Europe

Russia arrests two after Volga boat sinking

  • 13 July 2011
  • From the section Europe
Funeral for boat captain Alexander Ostrovsky. 13 July 2011
Image caption The funeral for the boat's captain was held in Kazan, near the scene of the sinking

Russian police have arrested two officials following the sinking of a tourist boat on the Volga in which more than 100 people died.

Both the director of the company that rented the boat and a ship registrar who certified it have been detained, prosecutors said.

Officials have said the boat was overloaded and in poor condition when it sank in the Tatarstan region.

Meanwhile divers have widened their search for bodies of the victims.

So far 104 bodies have been found including those of 23 children.

The 80m (260ft) Bulgaria - a double-decker river cruiser built in 1955 - listed during a thunderstorm on Sunday and sank in minutes, trapping many passengers inside.

About 80 people were rescued.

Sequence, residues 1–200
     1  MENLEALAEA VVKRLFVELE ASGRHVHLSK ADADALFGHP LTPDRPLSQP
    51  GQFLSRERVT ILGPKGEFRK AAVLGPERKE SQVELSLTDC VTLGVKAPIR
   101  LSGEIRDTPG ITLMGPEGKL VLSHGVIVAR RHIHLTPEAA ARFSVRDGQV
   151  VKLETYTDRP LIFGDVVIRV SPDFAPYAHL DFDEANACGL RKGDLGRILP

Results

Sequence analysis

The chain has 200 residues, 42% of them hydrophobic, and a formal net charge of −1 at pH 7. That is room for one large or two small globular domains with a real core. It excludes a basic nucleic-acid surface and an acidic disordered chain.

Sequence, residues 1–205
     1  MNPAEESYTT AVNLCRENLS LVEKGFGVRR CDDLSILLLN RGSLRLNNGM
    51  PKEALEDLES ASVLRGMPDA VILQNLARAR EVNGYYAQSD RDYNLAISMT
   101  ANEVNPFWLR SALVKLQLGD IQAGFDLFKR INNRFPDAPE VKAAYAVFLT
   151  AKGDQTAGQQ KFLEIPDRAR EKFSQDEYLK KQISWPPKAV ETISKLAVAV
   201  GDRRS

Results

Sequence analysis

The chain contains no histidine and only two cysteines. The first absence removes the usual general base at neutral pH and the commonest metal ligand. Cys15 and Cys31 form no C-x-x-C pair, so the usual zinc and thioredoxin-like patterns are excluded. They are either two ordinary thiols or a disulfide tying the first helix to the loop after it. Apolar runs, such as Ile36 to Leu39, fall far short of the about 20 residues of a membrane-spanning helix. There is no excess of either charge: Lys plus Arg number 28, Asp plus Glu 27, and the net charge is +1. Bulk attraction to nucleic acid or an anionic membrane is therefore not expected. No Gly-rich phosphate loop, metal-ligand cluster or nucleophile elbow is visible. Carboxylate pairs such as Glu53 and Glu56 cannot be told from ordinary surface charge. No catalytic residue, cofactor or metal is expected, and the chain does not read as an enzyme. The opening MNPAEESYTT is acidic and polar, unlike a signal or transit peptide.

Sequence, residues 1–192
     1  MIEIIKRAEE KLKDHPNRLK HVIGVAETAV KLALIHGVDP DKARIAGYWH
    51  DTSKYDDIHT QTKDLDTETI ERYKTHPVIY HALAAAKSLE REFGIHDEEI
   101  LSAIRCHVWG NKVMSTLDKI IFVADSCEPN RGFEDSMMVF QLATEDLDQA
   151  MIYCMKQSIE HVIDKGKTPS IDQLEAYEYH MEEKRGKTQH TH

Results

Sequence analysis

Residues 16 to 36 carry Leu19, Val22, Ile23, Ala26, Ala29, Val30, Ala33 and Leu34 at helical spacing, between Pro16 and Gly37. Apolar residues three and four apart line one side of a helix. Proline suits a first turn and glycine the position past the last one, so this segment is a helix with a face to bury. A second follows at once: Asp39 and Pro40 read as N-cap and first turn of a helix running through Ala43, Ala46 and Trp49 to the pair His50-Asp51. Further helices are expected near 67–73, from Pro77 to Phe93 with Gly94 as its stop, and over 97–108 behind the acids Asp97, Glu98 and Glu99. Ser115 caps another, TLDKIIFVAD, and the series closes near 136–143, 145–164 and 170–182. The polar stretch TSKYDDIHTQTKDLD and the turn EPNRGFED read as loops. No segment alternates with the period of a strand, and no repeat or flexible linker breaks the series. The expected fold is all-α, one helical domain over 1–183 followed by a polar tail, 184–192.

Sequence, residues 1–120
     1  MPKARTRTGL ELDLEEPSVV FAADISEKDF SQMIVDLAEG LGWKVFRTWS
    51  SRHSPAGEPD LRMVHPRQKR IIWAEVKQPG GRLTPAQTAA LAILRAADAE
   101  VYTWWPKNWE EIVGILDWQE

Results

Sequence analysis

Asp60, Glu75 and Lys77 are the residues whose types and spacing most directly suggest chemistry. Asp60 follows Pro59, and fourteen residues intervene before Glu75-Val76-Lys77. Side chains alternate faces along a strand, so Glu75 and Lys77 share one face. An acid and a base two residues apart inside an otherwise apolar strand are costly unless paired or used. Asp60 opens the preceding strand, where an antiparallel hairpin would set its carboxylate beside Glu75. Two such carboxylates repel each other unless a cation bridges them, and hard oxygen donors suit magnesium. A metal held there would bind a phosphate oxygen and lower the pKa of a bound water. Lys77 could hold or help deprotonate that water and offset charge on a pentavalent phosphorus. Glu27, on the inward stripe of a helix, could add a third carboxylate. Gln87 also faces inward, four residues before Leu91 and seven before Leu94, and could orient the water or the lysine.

Officials said the boat was designed for 140 passengers and crew but it had been carrying 208 people. It also lacked the correct licences and one of its engines was not working, prosecutors said.

Image caption The Bulgaria was built 55 years ago

On Wednesday the head of the Argorechtur company that leased the boat and a river transport inspector were arrested, Itar-Tass news agency reported.

They are charged with providing services that fail to reach safety standards and could be jailed for up to 10 years if convicted.

At Kazan near the site of the disaster, the funeral was held for the boat's captain, Alexander Ostrovsky.

"I am sure he simply did his civil duty, heroically, up to the bitter end," said his former wife, Tatyana.

Deputy Emergencies Minister Alexander Chupriyan said divers would continue working "until we are sure that all the bodies have been found".

"The divers are working in absolutely extreme conditions," he added.

Russian media have been scathing in their accounts of the tragedy.

The Vedomosti business daily said the accident "shows the logic of neglecting safety in the name of profit".

An editorial in the Komsomolskaya Pravda read: "The owners extracted profit while turning a blind eye to safety rules. People die... because of their tacit acceptance that things are not done the right way."

Deputy Prime Minister Sergei Ivanov said the sinking was "lawlessness and a crime" and the ship had a "whole bunch of violations", Interfax news agency reported.

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